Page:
Workplace injuries bear heavy costs not just on a worker’s life, but on a company’s bottomline too, construction and manufacturing industry players noted.
The more the number of injured workers, the higher the costs as companies accrue stop-work orders and medical expenses, said Dr Goh Yang Miang, a former chairman of The Institution of Engineers, Singapore’s health and safety engineering technical committee.
Employers also have to bear the costs of training new workers who replace the injured party, increased insurance premiums after every injury, productivity downtime with each injury and legal fees should the worker decide to take legal action in lieu of file for workplace injury compensation, said Mr Yong.
To better protect construction workers, MOM is planning to improve the mandatory construction safety course by including experiential elements in it by 2022.
The course, which is called ‘Apply WSH in Construction Sites’, is available abroad as well.
However, the Tripartite Alliance said in response to CNA’s queries there are “currently no plans for the AWSHCS course to be conducted overseas”.
Some developers, like JTC and the Land Transport Authority, have already made it compulsory for workers to undergo a safety course that has experiential components in it before they work on their projects.
At the JTC-initiated Construction Safety School, which is operated by the SCAL (Singapore Contractors’ Association Limited) Academy, workers undergo an eight-hour class that includes two hours of simulations, which includes the experience of falling into a pit and getting electrocuted.
The participants are tested after the class on their ability to spot safety hazards and protect themselves.
Since it opened last June, 120 companies - or 2,400 supervisors and workers - have gone through the course, an academy’s spokesperson said.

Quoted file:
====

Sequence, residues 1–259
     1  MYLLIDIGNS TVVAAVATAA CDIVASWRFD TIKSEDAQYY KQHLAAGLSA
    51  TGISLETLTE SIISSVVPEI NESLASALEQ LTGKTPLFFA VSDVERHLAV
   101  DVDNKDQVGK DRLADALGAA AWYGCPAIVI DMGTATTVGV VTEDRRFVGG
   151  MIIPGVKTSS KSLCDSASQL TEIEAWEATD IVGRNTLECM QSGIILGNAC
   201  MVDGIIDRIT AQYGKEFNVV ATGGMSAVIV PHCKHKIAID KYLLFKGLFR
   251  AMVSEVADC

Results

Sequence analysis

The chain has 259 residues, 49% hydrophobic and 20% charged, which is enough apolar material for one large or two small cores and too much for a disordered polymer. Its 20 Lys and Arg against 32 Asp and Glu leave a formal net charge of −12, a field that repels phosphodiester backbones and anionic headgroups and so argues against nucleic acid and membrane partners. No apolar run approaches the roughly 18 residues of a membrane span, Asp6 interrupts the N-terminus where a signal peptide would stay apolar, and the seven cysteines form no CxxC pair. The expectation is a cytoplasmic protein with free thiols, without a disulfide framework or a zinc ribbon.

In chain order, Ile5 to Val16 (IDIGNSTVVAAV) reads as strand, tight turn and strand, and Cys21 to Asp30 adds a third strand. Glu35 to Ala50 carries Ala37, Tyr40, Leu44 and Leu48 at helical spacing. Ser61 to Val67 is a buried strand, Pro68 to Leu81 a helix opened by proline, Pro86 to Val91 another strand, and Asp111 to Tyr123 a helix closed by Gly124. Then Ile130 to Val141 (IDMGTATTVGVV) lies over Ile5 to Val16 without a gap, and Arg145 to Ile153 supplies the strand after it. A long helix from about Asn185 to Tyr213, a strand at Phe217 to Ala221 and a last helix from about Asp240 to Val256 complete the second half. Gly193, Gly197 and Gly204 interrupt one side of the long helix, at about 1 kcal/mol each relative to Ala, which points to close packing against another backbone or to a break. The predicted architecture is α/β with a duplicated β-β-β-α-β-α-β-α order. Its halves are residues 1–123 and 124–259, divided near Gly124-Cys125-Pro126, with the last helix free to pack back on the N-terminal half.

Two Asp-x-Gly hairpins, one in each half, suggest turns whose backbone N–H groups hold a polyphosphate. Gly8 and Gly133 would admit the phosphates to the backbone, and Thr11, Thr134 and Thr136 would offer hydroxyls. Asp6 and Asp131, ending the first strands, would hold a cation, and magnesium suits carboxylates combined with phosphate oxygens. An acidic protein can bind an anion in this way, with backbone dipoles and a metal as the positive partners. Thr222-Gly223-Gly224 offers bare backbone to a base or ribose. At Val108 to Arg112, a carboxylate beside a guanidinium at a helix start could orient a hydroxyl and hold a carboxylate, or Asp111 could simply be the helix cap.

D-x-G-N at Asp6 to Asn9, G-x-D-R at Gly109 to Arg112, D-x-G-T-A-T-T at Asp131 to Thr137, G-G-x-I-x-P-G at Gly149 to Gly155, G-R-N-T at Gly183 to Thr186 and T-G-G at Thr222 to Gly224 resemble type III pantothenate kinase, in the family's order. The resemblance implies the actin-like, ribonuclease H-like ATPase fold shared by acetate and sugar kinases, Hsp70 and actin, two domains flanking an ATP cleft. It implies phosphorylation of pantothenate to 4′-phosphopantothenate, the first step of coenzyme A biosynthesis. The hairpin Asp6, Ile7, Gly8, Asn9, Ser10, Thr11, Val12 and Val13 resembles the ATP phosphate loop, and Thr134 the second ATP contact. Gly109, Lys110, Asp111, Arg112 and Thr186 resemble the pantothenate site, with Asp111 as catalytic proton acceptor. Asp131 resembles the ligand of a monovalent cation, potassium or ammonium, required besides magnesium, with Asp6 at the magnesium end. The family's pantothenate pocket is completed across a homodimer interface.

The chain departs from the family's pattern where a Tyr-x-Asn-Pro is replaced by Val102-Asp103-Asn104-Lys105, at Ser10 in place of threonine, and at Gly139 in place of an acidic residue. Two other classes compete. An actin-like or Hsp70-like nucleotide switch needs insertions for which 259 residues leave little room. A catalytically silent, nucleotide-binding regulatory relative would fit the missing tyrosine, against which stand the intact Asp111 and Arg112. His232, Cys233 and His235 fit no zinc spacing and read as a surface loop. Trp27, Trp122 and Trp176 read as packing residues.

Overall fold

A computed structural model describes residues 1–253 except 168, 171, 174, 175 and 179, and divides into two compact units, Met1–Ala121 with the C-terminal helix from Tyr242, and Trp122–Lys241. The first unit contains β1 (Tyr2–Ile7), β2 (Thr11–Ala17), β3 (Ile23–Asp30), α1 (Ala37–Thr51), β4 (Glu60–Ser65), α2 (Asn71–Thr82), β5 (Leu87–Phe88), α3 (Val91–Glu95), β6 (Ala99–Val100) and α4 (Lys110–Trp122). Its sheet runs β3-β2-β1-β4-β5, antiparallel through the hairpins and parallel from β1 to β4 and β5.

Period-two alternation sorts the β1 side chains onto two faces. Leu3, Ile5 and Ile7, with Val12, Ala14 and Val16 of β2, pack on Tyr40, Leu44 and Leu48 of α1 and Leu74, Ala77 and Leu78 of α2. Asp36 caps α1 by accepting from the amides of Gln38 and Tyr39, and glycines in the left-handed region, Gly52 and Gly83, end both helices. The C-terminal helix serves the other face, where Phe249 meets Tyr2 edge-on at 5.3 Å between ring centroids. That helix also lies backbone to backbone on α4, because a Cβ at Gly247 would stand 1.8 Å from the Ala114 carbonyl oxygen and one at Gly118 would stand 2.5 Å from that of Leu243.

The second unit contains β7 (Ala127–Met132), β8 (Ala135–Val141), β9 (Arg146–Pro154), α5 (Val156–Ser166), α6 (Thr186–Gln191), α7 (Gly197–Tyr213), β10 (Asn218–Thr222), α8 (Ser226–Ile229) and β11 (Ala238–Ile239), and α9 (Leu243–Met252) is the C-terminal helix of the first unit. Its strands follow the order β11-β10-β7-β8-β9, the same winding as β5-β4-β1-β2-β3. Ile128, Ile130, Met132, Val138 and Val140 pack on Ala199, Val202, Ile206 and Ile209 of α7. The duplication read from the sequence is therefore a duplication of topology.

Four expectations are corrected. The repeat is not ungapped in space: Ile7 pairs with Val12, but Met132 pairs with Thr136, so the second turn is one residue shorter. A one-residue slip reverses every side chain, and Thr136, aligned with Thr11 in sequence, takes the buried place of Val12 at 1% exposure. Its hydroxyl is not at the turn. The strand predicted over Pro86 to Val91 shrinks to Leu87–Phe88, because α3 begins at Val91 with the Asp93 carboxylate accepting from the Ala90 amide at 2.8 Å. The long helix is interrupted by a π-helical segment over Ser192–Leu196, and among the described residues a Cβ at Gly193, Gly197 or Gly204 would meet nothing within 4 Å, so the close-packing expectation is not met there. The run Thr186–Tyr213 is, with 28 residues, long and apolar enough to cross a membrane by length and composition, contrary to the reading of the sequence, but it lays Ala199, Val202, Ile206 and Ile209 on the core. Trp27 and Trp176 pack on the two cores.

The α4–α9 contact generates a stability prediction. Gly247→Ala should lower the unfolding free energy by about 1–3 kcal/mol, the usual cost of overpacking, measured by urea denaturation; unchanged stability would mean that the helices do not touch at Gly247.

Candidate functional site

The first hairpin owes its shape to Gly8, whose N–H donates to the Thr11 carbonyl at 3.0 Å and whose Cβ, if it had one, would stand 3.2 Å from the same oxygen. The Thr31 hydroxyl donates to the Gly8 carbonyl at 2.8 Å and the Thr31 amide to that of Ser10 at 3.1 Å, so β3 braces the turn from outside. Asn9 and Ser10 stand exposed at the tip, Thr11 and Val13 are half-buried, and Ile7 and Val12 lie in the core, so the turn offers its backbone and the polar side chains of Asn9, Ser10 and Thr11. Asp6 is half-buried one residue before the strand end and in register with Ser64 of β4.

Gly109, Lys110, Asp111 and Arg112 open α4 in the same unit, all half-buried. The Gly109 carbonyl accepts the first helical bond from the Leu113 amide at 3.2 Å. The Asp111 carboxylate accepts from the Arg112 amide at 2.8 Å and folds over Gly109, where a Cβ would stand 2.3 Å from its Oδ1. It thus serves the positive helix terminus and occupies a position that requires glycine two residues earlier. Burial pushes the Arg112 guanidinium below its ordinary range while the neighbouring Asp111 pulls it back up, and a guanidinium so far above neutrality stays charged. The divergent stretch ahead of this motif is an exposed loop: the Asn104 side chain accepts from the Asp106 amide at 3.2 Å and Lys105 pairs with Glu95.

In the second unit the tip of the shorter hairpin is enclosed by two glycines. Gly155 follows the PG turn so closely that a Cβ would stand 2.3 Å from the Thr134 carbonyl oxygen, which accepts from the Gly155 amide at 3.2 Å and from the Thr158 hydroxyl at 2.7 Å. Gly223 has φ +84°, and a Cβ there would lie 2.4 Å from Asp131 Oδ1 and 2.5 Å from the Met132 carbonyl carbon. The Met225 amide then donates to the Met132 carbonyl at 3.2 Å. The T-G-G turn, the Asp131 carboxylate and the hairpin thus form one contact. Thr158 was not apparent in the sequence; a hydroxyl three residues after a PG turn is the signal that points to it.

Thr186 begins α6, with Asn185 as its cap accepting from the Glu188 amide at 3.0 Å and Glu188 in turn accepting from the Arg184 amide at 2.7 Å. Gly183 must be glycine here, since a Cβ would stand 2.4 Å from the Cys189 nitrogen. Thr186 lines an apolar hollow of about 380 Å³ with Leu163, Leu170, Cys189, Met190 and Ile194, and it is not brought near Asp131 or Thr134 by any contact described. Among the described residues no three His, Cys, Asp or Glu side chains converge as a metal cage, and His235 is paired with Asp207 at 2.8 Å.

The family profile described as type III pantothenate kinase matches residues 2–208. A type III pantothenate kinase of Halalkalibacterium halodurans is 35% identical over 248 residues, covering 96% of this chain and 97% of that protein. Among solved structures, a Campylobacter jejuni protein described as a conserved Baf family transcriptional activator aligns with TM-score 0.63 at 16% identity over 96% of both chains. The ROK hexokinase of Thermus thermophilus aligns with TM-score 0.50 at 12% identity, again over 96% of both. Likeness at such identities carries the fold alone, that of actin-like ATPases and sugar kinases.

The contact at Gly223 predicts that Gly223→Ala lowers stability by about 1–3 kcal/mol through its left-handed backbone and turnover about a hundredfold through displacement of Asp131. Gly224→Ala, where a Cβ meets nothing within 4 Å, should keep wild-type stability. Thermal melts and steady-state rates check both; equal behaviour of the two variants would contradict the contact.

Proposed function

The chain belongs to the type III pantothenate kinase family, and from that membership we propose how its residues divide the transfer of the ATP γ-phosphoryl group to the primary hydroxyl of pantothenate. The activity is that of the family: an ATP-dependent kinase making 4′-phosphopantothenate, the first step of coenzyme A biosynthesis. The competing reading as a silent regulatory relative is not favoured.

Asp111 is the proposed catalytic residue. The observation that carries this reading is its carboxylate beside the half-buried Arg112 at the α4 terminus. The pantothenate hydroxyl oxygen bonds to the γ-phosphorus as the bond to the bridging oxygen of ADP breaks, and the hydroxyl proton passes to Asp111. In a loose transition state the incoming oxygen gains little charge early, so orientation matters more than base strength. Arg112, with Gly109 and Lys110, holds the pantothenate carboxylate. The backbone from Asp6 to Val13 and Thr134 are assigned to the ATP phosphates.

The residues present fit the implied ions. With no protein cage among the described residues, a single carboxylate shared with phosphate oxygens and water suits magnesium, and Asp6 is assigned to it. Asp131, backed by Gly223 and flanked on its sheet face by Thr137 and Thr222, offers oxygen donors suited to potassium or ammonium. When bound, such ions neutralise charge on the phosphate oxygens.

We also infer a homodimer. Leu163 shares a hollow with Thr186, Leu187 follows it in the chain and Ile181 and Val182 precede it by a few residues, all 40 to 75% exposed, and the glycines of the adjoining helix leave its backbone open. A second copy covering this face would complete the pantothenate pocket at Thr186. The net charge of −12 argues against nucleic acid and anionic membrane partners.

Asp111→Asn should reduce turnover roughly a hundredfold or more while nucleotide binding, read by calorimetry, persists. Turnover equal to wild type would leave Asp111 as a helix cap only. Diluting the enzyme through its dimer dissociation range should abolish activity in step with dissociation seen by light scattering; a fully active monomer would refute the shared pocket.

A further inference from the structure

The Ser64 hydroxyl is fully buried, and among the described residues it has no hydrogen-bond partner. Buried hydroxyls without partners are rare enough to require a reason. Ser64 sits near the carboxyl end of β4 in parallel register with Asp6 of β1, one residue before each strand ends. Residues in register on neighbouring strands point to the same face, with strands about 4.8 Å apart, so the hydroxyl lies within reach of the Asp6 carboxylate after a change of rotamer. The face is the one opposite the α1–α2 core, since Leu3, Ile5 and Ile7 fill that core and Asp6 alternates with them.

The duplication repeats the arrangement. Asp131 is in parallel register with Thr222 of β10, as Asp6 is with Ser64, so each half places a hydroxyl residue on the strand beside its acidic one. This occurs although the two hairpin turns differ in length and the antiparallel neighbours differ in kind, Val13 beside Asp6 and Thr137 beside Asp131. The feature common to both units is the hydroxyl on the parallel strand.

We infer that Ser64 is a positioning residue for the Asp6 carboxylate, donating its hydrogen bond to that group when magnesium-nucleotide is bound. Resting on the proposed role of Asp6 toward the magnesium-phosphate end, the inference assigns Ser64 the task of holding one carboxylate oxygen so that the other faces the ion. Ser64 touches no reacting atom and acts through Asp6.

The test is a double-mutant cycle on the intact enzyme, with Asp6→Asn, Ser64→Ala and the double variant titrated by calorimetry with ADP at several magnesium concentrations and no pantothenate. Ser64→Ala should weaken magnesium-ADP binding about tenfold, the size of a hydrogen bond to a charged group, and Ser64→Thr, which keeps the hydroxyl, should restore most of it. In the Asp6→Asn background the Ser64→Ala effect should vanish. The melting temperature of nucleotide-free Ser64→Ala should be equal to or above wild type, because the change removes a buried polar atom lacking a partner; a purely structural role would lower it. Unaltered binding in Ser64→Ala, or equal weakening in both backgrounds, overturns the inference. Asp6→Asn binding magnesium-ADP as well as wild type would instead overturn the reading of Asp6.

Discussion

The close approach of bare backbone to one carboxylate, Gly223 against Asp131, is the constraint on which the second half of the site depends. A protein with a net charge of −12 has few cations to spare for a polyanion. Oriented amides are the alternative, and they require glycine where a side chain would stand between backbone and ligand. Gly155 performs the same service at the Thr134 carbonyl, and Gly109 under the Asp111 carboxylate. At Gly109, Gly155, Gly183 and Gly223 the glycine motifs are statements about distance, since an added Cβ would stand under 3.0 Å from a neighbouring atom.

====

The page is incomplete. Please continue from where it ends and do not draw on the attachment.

“We believe that the workers are better able to retain whatever they’ve learnt when they experience what it feels like to get injured on the job,” he said.
SAFETY IS PARAMOUNT, BUT ALSO HARD TO ENSURE
Businesses acknowledged the importance of protecting their workers, but they pointed out some of the challenges in doing so.
Most times, contractors are up against tight timelines, with financial penalties imposed for late delivery, said Peter Soh of EPRO Engineering.
Schedules are often accelerated to avoid delays, while overtime is unavoidable in many projects, the electrical engineering contractor’s managing director said. This time pressure ends up potentially affecting safety performance.
Mr Soh added that because contracts are typically awarded based on price, some contractors will try to cut cost, which translate to fewer safety supervisors on site, and cheaper materials and equipment.
Dr Goh added that more recent construction projects are closer to other buildings and facilities in the vicinity, so there is less space at the worksite for workers to manoeuvre around equipment and machines.
Even if the company conducts multiple safety briefings, the employees also bear responsibility to be on guard at work, said Mr Soh, who has 13 employees. Less experienced workers may still lack safety judgment that is developed on the job.
Manufacturers operate in a “highly dynamic environment”, noted Singapore Manufacturing Federation’s president Douglas Foo. Employees, raw materials and completed goods are moving around production lines all the time.
“Workers themselves cannot be complacent, thinking that they are experienced in any one area and therefore cut corners which may then compromise their own safety,” he said.
Rajan Rajgopal, the chief executive of Denselight Semiconductors, said that the firm has spent more than S$100,000 on alarms and sensors that alerts workers when there is a chemical leak - the main safety risk among semiconductor manufacturers. Maintenance cost about S$20,000 a year.
The company has to install multiple systems around the fabrication plant, since one sensor only detects one type of gas at one time, he said, and semiconductor producers use several different gases in their manufacturing process.
While expensive, “it is a one-time initial cost that is worth it, as even one safety incident is more than what you want,” Mr Rajgopal said.
For Mr Sumon, one accident was all it took to change the course of his life.
He started raising ducks because as much as he wants to come back to Singapore, he is unlikely to do so as he is still unable to do any heavy lifting. He also has other concerns.
“If I come to Singapore, I have to borrow money again. I’m scared (to do so),” he said.
Yet, he said, “I miss going to many places, meeting my friends."
“I’m thinking about Singapore all the time.”